The picture below shows the small-town hospital that is nearest to all my Louisiana family members. I took this shot last year, passing by, because I thought the tree at the center of the photo looked pretty. A few days ago my younger daughter suggested that we rent a school bus, pile the whole family into it, and park it right outside this hospital for as long as necessary.
The first in a recent spate of hospital visits came a week before Christmas when my older daughter had carpal tunnel release surgery and trigger thumb surgery. She's done a good job of getting along with one functional hand and is recovering nicely.
An hour after we brought her home, my grandson checked in at the emergency room with severe abdominal pain, where tests were administered that led to an emergency appendectomy. According to doctors, the surgery itself was routine, but my grandson turned out to be the one person in five thousand whose body lacks the enzyme that rapidly metabolizes the drug used to paralyze the patient during intubation. He was left paralyzed and unable to breathe on his own for hours after the surgery. A respirator kept him alive until the drug eventually wore off; only then did the panic endured by his family members subside. He, too, is recovering nicely and was well enough three days post-surgery to get out of bed and cook a gumbo for a family get-together.
When I texted my sister in East Texas to let her know about those two hospitalizations, she told me that her husband had been in the hospital for several days with dangerously high blood pressure and severely swollen legs. I know he made it home in time for Christmas, and, not having heard otherwise, I'm assuming he's doing better now.
On the day after the carpal tunnel surgery and appendectomy, both of my great-grandbabies had illnesses requiring doctor visits. Both kids were much better a day later.
This past Friday my daughters got word that their father was having surgery to relieve pressure on his brain after suffering a blow to the head when he fell off a horse. On Saturday they made the 300-mile round-trip to visit him in the ICU. According to the latest report, he is doing well and expects to go home in a couple of days.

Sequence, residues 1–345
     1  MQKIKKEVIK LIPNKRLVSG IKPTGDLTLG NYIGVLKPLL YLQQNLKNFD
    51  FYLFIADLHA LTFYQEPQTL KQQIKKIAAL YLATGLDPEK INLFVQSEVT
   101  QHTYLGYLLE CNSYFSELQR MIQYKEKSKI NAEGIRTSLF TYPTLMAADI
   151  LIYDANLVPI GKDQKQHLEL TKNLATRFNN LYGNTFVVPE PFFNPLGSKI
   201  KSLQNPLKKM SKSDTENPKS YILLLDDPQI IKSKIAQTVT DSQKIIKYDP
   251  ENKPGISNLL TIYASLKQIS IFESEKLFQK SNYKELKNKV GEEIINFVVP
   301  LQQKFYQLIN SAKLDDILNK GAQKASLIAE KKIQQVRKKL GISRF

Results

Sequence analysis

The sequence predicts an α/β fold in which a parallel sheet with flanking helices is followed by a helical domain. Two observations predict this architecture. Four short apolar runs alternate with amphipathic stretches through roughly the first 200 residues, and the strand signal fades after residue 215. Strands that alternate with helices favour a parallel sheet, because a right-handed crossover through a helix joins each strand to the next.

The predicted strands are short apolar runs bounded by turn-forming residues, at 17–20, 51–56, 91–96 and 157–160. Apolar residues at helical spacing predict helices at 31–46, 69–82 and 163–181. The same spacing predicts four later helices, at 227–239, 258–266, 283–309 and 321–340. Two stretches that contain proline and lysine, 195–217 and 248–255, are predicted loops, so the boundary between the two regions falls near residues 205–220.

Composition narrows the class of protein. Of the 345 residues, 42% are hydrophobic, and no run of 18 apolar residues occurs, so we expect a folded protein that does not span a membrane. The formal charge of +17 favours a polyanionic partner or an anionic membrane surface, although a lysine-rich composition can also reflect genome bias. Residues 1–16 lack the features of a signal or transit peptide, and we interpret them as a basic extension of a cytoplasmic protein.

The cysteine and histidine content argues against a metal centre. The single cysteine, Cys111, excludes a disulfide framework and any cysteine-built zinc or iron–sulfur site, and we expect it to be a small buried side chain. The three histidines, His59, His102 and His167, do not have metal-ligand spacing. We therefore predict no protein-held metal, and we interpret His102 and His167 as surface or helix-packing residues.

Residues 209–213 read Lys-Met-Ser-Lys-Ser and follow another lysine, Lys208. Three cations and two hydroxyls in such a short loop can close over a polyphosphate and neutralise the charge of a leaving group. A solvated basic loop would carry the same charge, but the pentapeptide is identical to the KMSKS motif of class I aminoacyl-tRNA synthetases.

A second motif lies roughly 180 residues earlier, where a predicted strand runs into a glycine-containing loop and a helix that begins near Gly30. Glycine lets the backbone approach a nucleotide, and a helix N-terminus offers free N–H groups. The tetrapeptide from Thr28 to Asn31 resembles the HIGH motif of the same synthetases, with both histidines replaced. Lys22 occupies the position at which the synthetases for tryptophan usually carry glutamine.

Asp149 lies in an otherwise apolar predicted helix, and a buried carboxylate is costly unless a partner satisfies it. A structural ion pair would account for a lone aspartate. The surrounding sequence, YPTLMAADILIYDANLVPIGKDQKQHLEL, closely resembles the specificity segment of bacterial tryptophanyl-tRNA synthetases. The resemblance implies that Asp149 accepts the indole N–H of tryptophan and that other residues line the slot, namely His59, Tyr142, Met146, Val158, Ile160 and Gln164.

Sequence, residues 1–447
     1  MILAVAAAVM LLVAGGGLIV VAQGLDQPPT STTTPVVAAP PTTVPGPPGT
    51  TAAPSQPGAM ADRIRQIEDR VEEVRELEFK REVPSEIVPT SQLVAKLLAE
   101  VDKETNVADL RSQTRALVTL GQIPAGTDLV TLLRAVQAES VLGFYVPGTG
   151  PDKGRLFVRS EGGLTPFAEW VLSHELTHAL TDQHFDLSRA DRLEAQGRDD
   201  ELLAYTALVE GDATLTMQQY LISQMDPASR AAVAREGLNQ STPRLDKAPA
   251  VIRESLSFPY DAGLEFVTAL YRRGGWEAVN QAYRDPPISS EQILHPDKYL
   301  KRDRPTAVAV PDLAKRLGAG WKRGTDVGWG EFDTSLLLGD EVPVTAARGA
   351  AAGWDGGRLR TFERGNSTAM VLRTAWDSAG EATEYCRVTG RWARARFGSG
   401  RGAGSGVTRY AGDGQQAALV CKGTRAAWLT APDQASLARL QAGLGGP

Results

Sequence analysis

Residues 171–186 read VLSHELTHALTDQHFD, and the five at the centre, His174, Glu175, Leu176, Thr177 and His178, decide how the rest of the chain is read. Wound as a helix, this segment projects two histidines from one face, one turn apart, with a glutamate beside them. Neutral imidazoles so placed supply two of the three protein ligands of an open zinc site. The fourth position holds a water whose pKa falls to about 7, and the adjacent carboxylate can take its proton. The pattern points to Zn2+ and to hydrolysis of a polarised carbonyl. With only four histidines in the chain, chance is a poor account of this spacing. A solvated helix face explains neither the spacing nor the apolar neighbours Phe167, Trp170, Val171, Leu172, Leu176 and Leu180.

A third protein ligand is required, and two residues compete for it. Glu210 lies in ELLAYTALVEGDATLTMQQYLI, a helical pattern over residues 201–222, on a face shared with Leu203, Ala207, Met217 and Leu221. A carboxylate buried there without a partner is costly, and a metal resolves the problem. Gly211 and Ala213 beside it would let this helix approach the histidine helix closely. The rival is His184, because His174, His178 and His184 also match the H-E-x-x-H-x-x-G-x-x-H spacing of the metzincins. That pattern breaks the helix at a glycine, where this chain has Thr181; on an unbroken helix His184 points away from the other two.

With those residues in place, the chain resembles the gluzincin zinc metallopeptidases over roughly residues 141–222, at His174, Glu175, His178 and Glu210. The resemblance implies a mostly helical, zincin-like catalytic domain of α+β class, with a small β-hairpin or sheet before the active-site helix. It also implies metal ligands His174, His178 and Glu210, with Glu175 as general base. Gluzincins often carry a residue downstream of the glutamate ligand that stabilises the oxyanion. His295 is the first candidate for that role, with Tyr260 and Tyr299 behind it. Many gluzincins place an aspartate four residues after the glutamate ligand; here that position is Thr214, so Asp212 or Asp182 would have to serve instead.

My daughters called while they were traveling back from that trip, and I told them I was glad they were on their way home. I felt fine but was concerned that my blood pressure readings were higher than they'd ever been--some of them in the dark-red range on this chart, indicating that I needed emergency care. I felt well enough that I hadn't wanted to go to the emergency room, and I thought I could bring those readings down by doubling the usual dosage of my blood pressure medications. By the time the girls got home, the readings were lower, though not yet in the normal range. After a lengthy discussion, I promised I would go to the ER if the numbers climbed high again, which they did later that night. Back to the hospital we went. The ER doc assured us that I wasn't in danger since I had no symptoms except a very slight headache. He prescribed double doses of my current medications (just as I had done on my own) and a consultation with my regular doctor after the holidays. I left there feeling slightly silly but reassured. My BP numbers today are right where they should be.
Early this morning my younger daughter was back at the same facility undergoing a previously scheduled colonoscopy. She's home now, she's fine, and she's getting some much-needed rest, the last of us to reach that precious period of relaxation.
Our Christmas celebration together was wonderful, but we won't remember this year's holidays for the lights and laughter, the gifts and good food. I hope we'll be able to laugh when we look back on this season as the one that couldn't be over soon enough.
And, just as I typed that last sentence, one of the dogs threw up. It was Levi, so we'll keep an eye on him.
Come on 2015!
The song is "Get Me Through December" by Alison Krauss.
Thanks to Tiffany Woolridge for posting this video on YouTube.
Click here to read the lyrics.